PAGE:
Subcellular proteomics of dopamine neurons in the mouse brain

  1. Benjamin D Hobson
  2. Se Joon Choi
  3. Eugene V Mosharov
  4. Rajesh K Soni
  5. David Sulzer  Is a corresponding author
  6. Peter Sims  Is a corresponding author
  1. Columbia University Medical Center, United States

Abstract

Dopaminergic neurons modulate neural circuits and behaviors via dopamine release from expansive, long range axonal projections. The elaborate cytoarchitecture of these neurons is embedded within complex brain tissue, making it difficult to access the neuronal proteome using conventional methods. Here, we demonstrate APEX2 proximity labeling within genetically targeted neurons in the mouse brain, enabling subcellular proteomics with cell type-specificity. By combining APEX2 biotinylation with mass spectrometry, we mapped the somatodendritic and axonal proteomes of midbrain dopaminergic neurons. Our dataset reveals the proteomic architecture underlying proteostasis, axonal metabolism, and neurotransmission in these neurons. We identify numerous proteins encoded by dopamine neuron-enriched genes in striatal dopaminergic axons, including ion channels with previously undescribed axonal localization. These proteomic datasets provide a resource for neuronal cell biology, and this approach can be readily adapted for study of other neural cell types.

Data availability

The mass spectrometry proteomics data have been deposited to the ProteomeXchange Consortium via the PRIDE (Perez-Riverol et al., 2019) partner repository with the dataset identifier PXD026229. Raw label-free quantification intensity values for proteomics data can be found in Figure 2 - source data 2. The scRNA-seq data analyzed are publicly available as GSE116470 (Saunders et al., 2018). High confidence DA neuron profiles used in this study are reported in Figure 5 - source data 3.

The following data sets were generated
The following previously published data sets were used

Article and author information

Author details

  1. Benjamin D Hobson

    Depart of Systems Biology, Columbia University Medical Center, New York, United States
    Competing interests
    The authors declare that no competing interests exist.
    ORCID icon "This ORCID iD identifies the author of this article:" 0000-0002-2745-5318
  2. Se Joon Choi

    New York State Psychiatric Institute, Columbia University Medical Center, New York, United States
    Competing interests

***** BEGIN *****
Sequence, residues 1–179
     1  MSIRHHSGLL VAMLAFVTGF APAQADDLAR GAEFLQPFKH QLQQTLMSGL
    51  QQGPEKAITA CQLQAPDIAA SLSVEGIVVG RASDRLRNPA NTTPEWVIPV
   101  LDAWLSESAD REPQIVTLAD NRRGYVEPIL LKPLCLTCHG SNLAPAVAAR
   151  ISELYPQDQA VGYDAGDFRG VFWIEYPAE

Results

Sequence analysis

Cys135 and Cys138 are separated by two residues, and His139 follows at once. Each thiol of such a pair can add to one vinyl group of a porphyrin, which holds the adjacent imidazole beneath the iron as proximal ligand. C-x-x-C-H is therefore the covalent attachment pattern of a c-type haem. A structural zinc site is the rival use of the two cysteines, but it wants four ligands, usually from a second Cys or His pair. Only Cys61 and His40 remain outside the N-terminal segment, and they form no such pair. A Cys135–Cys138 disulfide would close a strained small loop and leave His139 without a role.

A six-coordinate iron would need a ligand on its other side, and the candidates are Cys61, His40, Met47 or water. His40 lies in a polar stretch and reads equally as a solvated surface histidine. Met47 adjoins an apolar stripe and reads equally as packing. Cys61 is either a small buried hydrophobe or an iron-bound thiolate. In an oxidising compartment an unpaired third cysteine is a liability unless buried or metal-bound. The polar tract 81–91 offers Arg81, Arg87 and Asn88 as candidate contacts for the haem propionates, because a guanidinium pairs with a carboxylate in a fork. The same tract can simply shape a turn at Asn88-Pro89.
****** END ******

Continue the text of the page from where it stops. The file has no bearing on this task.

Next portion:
The authors declare that no competing interests exist.
  3. Eugene V Mosharov

    New York State Psychiatric Institute, Columbia University Medical Center, New York, United States
    Competing interests
    The authors declare that no competing interests exist.
  4. Rajesh K Soni

    Herbert Irving Comprehensive Cancer Center, Columbia University Medical Center, New York, United States
    Competing interests
    The authors declare that no competing interests exist.
    ORCID icon "This ORCID iD identifies the author of this article:" 0000-0002-4556-4358
  5. David Sulzer

    Department of Psychiatry, Columbia University Medical Center, New York, United States
    For correspondence
    ds43@cumc.columbia.edu
    Competing interests
    The authors declare that no competing interests exist.
    ORCID icon "This ORCID iD identifies the author of this article:" 0000-0001-7632-0439
  6. Peter Sims

    Department of Systems Biology, Columbia University Medical Center, New York, United States
    For correspondence
    pas2182@columbia.edu
    Competing interests
    The authors declare that no competing interests exist.
    ORCID icon "This ORCID iD identifies the author of this article:" 0000-0002-3921-4837

Funding

National Institutes of Health (F30DA047775)

  • Benjamin D Hobson

National Institutes of Health (R01NS095435)

  • David Sulzer

National Institutes of Health (R01DA007418)

  • David Sulzer

National Institutes of Health (R01MH122470)

  • David Sulzer

Michael J. Fox Foundation for Parkinson's Research (ASAP-000375)

  • David Sulzer
  • Peter Sims

The funders had no role in study design, data collection and interpretation, or the decision to submit the work for publication.

Ethics

Animal experimentation: All experiments were conducted according to NIH guidelines and approved by the Institutional Animal Care and Use Committees of Columbia University and the New York State Psychiatric Institute. Protocol numbers are NYSPI #1584 (Columbia University AABI2605) and NYSPI #1551 (Columbia University AABD8564).

Reviewing Editor

  1. Andrew B West, Duke University, United States

Version history

  1. Preprint posted: June 1, 2021 (view preprint)
  2. Received: June 2, 2021
  3. Accepted: January 30, 2022
  4. Accepted Manuscript published: January 31, 2022 (version 1)
  5. Version of Record published: February 21, 2022 (version 2)

Copyright

© 2022, Hobson et al.

This article is distributed under the terms of the Creative Commons Attribution License permitting unrestricted use and redistribution provided that the original author and source are credited.

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  1. Benjamin D Hobson
  2. Se Joon Choi
  3. Eugene V Mosharov
  4. Rajesh K Soni
  5. David Sulzer
  6. Peter Sims
(2022)
Subcellular proteomics of dopamine neurons in the mouse brain
eLife 11:e70921.
https://doi.org/10.7554/eLife.70921

Share this article

https://doi.org/10.7554/eLife.70921

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